Paul Meehan

German VMUG July : Recent experience and all things VVol

Blog Post created by Paul Meehan Employee on Jul 2, 2015


On June 17th I had the chance to attend the German VMware User Group held in the Marriott Frankfurt.

I had the opportunity to attend the booth for the day to help out as there were a number of events on in Germany that day. It was a long day but the best bit is when you get to talk to customers about their issues/problems and talk tech without any bias. it's better to talk about features you have today or will have very soon rather than just talk about stuff that's 9-12 months out.

My countryman Cormac Hogan was the keynote speaker and it was great to catch up with Cormac and talk VVol, VSAN, VMFS and all things storage and VMware.


What did people want to talk about ?

The  most talked about things were :

  • HDS storage and new storage systems
  • VMware VVol
  • UCP Director Converged Platform (which I was able to demo)
  • Automation of storage tasks (and private cloud) and simplifying backups using Hitachi V2I


I found many people still want to talk storage. I was a little surprised about this as I thought everyone would be a bit obsessive about hyper-convergence but this didn't seem to be the case. And most people seemed to be very impressed about the inheritance of our Enterprise microcode onto all of the entry-level and mid-range storage systems and the unification of the entire line. This unifies the codebase for the entire block storage range so they can all run the SVOS operating system.

GAD or Global Active Device (active-active R/W across datacenters) is now avaialble on even the entry level box and a lot of customers were interested in this. My colleague Hu Yoshida has written about it in more detail here: HDS Blogs: Software-Defined Is only As Good As The Infrastructure Behind It

I also found a lot of people coming to the stand to get a HDS view of technology which I suppose is a compliment.

VMware VVol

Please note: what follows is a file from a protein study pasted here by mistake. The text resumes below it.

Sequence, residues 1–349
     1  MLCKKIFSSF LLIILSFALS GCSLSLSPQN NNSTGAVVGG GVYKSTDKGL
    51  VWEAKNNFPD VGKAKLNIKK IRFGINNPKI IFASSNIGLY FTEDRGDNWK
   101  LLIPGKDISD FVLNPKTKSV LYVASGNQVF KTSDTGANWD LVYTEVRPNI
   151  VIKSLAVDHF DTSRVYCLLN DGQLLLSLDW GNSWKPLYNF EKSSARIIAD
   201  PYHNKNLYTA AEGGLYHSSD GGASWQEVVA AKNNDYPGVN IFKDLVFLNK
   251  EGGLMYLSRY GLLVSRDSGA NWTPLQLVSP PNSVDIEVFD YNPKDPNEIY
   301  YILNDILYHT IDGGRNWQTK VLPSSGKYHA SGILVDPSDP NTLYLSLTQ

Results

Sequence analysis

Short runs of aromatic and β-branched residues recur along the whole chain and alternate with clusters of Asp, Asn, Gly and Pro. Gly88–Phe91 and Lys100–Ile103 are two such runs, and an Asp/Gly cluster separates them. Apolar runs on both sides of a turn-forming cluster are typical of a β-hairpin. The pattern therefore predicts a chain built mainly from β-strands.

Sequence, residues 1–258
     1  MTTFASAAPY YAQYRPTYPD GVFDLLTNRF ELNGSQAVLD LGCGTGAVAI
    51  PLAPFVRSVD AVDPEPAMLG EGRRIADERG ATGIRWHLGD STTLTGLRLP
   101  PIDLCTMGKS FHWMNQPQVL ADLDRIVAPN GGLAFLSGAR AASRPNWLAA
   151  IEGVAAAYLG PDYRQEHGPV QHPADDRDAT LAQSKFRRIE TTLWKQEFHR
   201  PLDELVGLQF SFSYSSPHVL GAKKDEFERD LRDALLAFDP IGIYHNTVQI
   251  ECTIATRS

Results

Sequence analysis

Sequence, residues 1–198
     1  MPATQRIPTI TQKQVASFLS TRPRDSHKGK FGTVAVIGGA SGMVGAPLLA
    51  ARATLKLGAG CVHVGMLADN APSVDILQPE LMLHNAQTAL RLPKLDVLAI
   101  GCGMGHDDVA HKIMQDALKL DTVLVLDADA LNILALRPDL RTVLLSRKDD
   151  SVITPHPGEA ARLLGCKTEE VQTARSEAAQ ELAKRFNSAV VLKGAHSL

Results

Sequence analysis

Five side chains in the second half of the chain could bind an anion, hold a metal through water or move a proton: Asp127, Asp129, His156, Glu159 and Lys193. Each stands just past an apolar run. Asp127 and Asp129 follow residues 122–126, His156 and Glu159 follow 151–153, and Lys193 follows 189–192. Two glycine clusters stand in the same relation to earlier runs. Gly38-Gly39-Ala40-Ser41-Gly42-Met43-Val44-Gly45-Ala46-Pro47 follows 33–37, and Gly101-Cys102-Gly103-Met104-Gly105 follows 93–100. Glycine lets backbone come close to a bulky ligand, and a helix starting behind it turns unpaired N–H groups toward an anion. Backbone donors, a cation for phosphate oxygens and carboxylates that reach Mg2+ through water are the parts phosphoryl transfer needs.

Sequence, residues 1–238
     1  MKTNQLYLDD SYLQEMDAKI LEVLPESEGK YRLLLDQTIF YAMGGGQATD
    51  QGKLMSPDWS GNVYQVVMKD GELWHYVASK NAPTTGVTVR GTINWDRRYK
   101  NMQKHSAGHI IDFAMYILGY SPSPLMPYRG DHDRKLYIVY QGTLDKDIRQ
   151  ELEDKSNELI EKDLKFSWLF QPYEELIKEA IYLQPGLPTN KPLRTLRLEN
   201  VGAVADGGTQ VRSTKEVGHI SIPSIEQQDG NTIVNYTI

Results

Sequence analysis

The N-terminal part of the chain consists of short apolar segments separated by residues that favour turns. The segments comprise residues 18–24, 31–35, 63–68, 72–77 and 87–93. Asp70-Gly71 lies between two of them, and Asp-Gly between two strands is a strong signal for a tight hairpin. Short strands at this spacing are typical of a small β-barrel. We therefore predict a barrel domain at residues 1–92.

VMware VVol was also of huge interest to most people. I'm lucky in that I've already been able to run a demo of our block VVol implementation for a customer despite the fact that it won't be officially released for a few weeks on our block platform. Thanks for HDS product management for helping our customers get a leg up on this really cool technology. So I have a bit more of an insight regarding how our implementation works.

My colleague Dinesh Singh has collected some resources together to help inform the community and customers, here: VVol : Hitachi Storage for VMware Virtual Volumes (VVol)

Hitachi NAS support for VVol is here already and it will be supported on all our block storage systems G1000 and lower systems in the coming weeks.

Expect to see a new version of the Hitachi VASA provider based on VP2.0 which provides two-way SPBM-based operations to and from the storage. The new version no longer ships as Windows binaries but will be released as an OVF file which will mean much easier deployment. I'll be writing more about VVol real soon and Paul Morrissey has written several posts about it and recorded some really nice videos as well.


I also spoke quite a bit to people about Virtual Infrastructure Integrator, aka V2I, which now also supports block storage.

This is a native Hitachi product that lives inside vCenter as a plugin and provides support for small and large-scale backup and restore operations, integrated with HDS storage technology inside vCenter.

Because it offloads operations directly to NAS and block arrays and uses the storage to drive application-consistent operations, this can require big scale and lets us things with large amounts of data (TB) in seconds. I think this is where feature offloading in products like V2I and VVol (as well as VAAI) shows the continuing importance of storage systems that have the performance to handle these kind of operations. We know in that regard HDS systems will always fare well as they are designed for that purpose (as well as scale, ease of use etc).

For VVol you will see that HDS systems have higher configuration maximums for things like number of VVols per array, number of virtual machine objects, number of snapshots per VM etc than competing solutions can offer. So existing and new customers will see real benefits when deploying SPBM-software solutions like these.

Anyway it was great to talk tech and all in all it was a great event and the German VMware community were really interesting to talk to and listen to. Hope I can repeat this at some point in the near future.